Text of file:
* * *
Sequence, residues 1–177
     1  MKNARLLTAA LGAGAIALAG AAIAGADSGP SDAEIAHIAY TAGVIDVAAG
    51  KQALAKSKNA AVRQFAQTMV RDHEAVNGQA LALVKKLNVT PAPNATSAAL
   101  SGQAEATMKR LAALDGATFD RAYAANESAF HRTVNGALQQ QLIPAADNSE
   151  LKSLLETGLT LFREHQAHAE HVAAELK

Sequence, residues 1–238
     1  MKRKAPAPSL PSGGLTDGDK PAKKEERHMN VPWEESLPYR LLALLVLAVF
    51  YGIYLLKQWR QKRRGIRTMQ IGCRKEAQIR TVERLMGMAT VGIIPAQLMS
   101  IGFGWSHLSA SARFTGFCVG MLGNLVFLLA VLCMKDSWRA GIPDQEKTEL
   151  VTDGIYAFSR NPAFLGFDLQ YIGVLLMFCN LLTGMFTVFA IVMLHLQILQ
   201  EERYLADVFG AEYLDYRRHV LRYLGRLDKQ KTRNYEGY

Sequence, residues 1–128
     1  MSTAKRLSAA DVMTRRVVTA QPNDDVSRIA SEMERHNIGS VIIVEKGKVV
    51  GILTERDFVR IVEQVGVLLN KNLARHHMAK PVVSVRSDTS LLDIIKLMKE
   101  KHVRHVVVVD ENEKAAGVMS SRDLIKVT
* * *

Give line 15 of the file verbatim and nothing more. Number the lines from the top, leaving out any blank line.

   101  KHVRHVVVVD ENEKAAGVMS SRDLIKVT